# Why does hooking voltmeter to two transformers show 0 voltage?

I have two 24VAC transformers. If I hook the voltmeter to contacts 1 & 2, or 3 & 4, it measures about 26 volts. If I connect it to 1&3 or 1&4, or 2&3 or 2&4, I get zero. I would have thought that it wouldn't matter, just as if I would have plugged one half of a power cord into one outlet, and the other half in the other half of another outlet.

Background of how this question arose if interested - I have a thermostat that had one of it's wires shorted, so I needed to add a 2nd transformer near the thermostat. The first transformer (the transformer originally providing the power before the wire shorted) is near the boiler. The problem I had was that I was powering the thermostat entirely with 2 wires from the 2nd transformer, but the boiler valve was powered by 1 wire from the thermostat, and 1 wire from the first transformer. Which didn't work.

• A volt meter shows potential voltage between two points. #1 and #2 are in a circuit/loop/connected together, same as #3 and #4, but #1 and #3 are not in the same circuit so no voltage potential between them. Mar 2 at 21:25
• take two batteries ... do not connect them together ... measure voltage between the two + terminals ... you are doing the same thing with the transformers Mar 3 at 4:54

To measure voltage, you need a complete circuit.

Connect a voltage meter between a hot 120V wire anywhere in your house and a neutral wire anywhere in your house and you will get 120V because the current makes the round trip. A multimeter uses very little current. But if you pull too much current - e.g., connect a light bulb that way - and the wires are on different circuits and one of them is protected by a GFCI then you will trip the GFCI.

However, a transformer is isolated from the hot and neutral of your main AC wiring. If it wasn't isolated, strange/dangerous things would happen. Since each transformer is isolated, there is no path for electricity to flow between them. Hence, 0V.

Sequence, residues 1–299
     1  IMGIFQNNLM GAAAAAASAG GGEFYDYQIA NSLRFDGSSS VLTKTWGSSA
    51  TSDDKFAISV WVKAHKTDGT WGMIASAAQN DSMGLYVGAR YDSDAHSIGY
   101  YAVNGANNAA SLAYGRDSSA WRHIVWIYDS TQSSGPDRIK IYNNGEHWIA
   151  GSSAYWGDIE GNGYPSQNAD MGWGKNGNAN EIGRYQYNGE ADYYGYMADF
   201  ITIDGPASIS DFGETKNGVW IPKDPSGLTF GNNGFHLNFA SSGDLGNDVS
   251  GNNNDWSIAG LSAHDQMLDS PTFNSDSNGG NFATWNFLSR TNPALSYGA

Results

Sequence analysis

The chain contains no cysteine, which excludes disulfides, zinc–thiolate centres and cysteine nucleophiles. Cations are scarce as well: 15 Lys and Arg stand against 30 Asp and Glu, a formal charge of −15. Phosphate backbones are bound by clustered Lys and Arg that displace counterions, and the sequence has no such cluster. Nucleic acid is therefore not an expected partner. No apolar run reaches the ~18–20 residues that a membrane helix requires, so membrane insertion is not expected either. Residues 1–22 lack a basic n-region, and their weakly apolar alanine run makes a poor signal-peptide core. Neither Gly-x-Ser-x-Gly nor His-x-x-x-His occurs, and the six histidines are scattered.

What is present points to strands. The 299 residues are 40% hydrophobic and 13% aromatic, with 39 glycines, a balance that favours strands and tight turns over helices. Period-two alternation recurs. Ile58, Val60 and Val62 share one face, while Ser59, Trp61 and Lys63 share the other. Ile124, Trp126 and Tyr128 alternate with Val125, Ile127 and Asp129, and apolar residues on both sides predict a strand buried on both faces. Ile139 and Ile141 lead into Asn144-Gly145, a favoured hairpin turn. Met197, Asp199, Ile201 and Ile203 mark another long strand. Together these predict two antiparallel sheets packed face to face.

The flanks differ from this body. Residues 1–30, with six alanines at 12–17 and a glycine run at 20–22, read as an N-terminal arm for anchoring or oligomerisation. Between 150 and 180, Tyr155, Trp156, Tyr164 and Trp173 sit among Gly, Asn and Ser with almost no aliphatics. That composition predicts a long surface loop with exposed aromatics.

There are actually two ways to get 0V on a multimeter.

• Two points connected (e.g., neutral and ground in a properly wired house) - there is no potential difference between the points so there is no voltage. In that situation, if you switch from Volts to Ohms you will measure very low resistance.

• Two points totally disconnected. There may actually be a potential difference between the two points, but since electricity can't flow between them, there is no measurable voltage. That is what is happening with your two separate transformers. In that case, if you switch from Volts to Ohms you will measure "infinite" resistance.

• That is not how a transformer works Mar 3 at 1:59
• @Ruskes I am not trying to explain how a transformer actually works. I am explaining why you don't get voltage between the secondaries of two separate transformers. Mar 3 at 2:09
• I must say I am a bit taken aback by the wording of your second paragraph. I am not a native speaker, but I would interpret that as shorting hot with neutral, at least looking at the first couple of sentences :D Mar 3 at 12:40
• I meant using a multimeter one probe in hot and the other one in neutral Mar 3 at 13:30
• I think the correct wording here is galvanically isolated. Mar 3 at 18:05

Transformers are magnetic devices. There is no electrical connection between the secondaries (the low voltage side), so what you are seeing makes sense.

In a nutshell, the secondary voltage is a result of the field created in the windings around the core of the transformer. If you leave the core, you lose the voltage.